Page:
A Bushfire Attack Level (BAL) is used to determine the level of potential bush fire attack on a property. Bush fire attack is considered to be potential flame contact, ember attack or radiant heat exposure that may affect a building and damage or destroy it during a bush fire. Building to the correct BAL measure can help a building to potentially survive a bush fire and provide better protection for human life.
It is used to determine the appropriate level of construction required relative to the potential bush fire attack. As part of any application for new works on bush fire prone land bush fire will need to be addressed. A bush fire assessment will need to be undertaken for your property and to satisfy council’s requirements.
Your Builder can guide you through the relevant inspections required in the lead up to lodging your plans for CDC or DA approval.
Below you will find a brief outline of the 6 Bushfire Attack Levels from the NSW Rural Fire Service, as well as a direct link to their website.
The various bush fire attack levels and the associated construction requirements are outlined below.
Minimal attack from radiant heat and flame due to the distance of the site from the vegetation, although some attack by burning debris is possible. There is insufficient threat to warrant specific construction requirements, but residents should still do basic property preparation.
Attack by burning debris is significant with low levels of radiant heat (not greater than 12.5kW/m2). Radiant heat is unlikely to threaten building elements (i.e. unscreened glass). Specific construction requirements for ember protection and accumulation of debris are warranted (Level 1 construction standards).
Attack by burning debris is significant with an increased radiant heat levels (not greater than 19kW/m2) threatening some building elements. Specific construction requirements for protection against embers and radiant heat are warranted (Level 2 construction standards).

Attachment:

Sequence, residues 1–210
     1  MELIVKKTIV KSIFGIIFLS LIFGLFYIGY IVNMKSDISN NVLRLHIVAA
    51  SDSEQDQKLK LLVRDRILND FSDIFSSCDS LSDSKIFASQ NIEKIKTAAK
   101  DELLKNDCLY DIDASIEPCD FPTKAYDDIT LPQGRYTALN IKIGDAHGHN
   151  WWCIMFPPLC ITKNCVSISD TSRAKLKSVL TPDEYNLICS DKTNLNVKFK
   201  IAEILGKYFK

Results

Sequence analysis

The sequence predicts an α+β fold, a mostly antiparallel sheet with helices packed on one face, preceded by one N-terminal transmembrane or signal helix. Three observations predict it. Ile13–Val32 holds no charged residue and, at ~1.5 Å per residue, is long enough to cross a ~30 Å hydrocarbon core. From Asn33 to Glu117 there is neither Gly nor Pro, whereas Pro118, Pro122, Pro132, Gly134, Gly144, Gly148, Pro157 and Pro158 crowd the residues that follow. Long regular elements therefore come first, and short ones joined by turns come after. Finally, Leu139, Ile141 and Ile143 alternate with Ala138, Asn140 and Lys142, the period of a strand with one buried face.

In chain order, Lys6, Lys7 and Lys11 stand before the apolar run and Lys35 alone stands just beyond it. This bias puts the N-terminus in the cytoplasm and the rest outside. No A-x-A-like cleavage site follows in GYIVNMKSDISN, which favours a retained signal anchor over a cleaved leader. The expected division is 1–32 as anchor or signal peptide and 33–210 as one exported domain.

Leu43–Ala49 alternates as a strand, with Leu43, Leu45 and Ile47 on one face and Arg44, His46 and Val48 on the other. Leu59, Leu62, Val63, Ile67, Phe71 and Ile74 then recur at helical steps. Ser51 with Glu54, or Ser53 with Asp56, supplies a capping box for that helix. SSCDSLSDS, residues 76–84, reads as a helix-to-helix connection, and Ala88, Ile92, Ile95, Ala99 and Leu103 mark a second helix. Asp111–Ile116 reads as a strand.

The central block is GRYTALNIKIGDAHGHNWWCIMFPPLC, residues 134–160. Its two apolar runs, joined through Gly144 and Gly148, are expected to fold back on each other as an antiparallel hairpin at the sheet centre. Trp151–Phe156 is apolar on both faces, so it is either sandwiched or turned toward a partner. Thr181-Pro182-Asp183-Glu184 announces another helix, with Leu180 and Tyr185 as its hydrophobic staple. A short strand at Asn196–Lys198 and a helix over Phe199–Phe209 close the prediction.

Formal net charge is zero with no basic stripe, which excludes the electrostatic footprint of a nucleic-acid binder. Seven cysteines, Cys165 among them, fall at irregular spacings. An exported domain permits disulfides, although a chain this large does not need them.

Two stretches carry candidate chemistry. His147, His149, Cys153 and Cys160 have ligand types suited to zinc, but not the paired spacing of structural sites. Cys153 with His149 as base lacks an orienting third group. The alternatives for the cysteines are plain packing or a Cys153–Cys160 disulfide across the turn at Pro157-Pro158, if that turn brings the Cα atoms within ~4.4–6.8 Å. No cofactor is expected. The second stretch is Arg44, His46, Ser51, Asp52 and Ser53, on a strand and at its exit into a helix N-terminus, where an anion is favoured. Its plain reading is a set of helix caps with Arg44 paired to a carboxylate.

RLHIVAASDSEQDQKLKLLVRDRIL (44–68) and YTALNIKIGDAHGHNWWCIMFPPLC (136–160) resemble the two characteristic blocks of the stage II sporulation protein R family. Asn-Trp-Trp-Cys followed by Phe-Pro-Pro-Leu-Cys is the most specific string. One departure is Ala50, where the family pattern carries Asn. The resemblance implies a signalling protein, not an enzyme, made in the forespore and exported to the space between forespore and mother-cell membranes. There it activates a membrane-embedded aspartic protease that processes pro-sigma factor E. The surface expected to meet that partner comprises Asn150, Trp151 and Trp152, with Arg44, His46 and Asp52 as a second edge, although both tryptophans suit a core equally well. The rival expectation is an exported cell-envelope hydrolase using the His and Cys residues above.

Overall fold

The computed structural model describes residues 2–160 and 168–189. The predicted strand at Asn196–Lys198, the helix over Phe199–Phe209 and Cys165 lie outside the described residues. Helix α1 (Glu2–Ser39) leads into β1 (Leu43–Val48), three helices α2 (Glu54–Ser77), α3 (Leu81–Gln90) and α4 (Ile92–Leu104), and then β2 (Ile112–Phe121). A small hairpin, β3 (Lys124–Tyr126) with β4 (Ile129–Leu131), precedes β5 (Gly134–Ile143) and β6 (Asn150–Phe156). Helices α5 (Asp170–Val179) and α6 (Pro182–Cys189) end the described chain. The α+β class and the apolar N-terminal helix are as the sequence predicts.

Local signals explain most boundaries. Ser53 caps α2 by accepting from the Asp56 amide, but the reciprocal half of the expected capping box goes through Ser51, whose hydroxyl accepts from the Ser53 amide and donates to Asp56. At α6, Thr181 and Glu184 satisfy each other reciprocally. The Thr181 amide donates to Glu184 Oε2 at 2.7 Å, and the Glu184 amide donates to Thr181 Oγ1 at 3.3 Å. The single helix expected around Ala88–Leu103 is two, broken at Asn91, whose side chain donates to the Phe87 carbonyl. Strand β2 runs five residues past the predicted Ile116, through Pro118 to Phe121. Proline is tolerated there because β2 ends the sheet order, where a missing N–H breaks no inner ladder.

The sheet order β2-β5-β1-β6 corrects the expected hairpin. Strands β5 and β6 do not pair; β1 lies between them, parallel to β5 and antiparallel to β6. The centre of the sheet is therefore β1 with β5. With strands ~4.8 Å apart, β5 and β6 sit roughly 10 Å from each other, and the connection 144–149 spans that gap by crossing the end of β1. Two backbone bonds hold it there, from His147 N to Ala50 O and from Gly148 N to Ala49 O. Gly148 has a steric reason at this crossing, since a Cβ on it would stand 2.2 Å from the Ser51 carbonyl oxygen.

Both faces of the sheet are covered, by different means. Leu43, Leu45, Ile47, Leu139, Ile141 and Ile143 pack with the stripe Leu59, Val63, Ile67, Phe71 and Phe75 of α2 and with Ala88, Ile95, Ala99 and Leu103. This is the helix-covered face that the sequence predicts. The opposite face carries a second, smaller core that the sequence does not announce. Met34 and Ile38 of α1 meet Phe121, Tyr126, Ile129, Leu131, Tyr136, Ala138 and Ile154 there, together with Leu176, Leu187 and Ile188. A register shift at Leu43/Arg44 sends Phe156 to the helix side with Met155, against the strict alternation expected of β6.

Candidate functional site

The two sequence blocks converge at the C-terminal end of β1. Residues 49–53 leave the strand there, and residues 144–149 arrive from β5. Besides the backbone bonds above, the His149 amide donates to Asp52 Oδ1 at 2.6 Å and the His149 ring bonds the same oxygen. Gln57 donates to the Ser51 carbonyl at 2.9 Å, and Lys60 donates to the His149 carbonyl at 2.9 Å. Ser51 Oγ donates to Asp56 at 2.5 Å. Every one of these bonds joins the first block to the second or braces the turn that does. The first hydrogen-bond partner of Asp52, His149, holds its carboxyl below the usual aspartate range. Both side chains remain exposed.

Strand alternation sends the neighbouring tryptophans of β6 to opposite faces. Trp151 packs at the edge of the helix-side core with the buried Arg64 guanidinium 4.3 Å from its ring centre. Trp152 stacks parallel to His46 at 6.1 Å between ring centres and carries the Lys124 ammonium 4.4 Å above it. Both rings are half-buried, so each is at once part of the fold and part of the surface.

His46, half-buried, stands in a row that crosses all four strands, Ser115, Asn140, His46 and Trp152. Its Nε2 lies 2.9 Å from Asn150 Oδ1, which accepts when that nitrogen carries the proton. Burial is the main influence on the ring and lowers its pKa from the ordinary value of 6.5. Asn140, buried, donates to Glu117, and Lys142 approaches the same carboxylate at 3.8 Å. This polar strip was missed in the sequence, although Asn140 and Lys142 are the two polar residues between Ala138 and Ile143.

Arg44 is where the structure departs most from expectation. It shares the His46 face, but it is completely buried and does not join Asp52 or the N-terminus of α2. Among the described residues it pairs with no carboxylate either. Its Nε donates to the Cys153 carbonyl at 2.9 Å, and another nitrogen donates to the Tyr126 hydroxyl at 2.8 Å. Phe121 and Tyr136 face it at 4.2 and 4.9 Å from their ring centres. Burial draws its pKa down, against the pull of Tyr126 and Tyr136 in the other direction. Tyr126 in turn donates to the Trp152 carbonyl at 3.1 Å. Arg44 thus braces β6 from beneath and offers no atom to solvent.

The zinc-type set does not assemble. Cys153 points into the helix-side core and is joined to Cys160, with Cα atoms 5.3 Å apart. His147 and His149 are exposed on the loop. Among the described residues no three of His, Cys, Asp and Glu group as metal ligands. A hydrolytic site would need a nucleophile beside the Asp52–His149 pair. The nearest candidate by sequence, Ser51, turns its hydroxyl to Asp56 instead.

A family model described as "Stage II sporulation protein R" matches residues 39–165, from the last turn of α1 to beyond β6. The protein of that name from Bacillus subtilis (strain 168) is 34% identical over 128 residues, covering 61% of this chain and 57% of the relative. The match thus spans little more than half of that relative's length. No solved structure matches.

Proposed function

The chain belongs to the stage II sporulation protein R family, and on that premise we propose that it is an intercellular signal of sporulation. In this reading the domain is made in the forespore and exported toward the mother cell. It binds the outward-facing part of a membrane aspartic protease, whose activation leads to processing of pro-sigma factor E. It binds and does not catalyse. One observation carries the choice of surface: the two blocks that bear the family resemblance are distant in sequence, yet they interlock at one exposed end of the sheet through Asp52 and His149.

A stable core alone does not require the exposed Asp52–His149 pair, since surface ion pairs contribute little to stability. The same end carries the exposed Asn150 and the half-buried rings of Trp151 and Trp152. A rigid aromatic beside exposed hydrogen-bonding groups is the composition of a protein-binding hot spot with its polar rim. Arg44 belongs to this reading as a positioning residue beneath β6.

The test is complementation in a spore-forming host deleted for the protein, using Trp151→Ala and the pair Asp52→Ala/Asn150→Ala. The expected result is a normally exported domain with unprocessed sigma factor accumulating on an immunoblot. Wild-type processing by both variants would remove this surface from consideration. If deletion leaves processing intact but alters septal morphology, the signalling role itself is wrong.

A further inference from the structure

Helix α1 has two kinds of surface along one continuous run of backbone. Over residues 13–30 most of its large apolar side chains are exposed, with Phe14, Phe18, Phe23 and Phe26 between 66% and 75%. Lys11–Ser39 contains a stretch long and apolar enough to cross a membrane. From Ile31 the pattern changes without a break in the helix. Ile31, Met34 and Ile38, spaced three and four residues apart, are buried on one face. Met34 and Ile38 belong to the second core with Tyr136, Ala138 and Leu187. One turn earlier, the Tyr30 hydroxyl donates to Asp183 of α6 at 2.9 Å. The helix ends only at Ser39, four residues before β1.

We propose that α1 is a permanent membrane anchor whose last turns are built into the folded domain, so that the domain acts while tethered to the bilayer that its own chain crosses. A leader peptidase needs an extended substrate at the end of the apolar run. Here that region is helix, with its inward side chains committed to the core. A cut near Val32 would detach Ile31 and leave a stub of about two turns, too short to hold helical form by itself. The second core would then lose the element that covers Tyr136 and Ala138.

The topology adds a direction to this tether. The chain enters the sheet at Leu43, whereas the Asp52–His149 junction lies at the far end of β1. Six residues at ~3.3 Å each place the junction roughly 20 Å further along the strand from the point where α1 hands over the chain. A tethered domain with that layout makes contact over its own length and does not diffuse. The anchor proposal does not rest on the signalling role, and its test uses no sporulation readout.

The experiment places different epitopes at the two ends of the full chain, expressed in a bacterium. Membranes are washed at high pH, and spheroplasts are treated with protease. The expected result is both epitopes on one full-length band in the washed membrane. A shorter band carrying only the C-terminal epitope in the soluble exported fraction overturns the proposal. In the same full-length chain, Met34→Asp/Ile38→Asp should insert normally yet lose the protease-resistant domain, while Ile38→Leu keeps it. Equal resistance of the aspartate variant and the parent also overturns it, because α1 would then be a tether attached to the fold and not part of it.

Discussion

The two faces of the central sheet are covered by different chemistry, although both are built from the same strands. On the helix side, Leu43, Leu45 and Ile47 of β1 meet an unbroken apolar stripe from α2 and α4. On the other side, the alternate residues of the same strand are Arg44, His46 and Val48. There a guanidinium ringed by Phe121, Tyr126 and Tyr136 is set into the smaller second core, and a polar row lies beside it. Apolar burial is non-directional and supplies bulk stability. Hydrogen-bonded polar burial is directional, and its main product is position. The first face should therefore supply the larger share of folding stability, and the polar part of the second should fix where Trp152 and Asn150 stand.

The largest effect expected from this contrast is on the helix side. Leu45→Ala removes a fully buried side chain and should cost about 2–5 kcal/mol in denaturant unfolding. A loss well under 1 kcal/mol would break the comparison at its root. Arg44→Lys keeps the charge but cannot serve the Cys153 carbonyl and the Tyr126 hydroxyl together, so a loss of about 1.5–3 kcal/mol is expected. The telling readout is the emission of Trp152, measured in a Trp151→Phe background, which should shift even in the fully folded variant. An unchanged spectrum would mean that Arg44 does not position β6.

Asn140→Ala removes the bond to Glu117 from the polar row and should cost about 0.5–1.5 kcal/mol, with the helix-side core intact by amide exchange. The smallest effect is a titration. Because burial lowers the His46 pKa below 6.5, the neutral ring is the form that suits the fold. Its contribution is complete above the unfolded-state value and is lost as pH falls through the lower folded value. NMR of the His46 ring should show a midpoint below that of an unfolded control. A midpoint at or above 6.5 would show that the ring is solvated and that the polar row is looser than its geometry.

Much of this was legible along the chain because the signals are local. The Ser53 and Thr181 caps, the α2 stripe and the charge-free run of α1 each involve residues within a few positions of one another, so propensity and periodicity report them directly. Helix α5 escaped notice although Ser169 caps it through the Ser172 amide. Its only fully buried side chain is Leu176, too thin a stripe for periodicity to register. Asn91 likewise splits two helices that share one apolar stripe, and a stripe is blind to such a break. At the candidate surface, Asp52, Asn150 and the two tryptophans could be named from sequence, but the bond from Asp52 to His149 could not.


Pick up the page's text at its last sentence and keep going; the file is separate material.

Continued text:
Attack by burning debris is significant and radiant heat levels (not greater than 29kW/m2) can threaten building integrity. Specific construction requirements for protection against embers and higher radiant heat are warranted. Some flame contact is possible.
Increased attack from burning debris with significant radiant heat and the potential for flame contact. The extreme radiant heat and potential flame contact could threaten building integrity. Buildings must be designed and constructed in a manner that can withstand the extreme heat and potential flame contact.
Radiant heat levels will exceed 40kW/m2. Radiant heat levels and flame contact are likely to significantly threaten building integrity and result in significant risk to residents who are unlikely to be adequately protected. The flame zone is outside the scope of the BCA and the NSW Rural Fire Service may recommend protection measures where the applicant does not provide an adequate performance solution. Other measures such as drenching systems and radiant heat barriers may also be required.
For a more detailed outline of the construction requirements and an estimate of the cost impact on your build,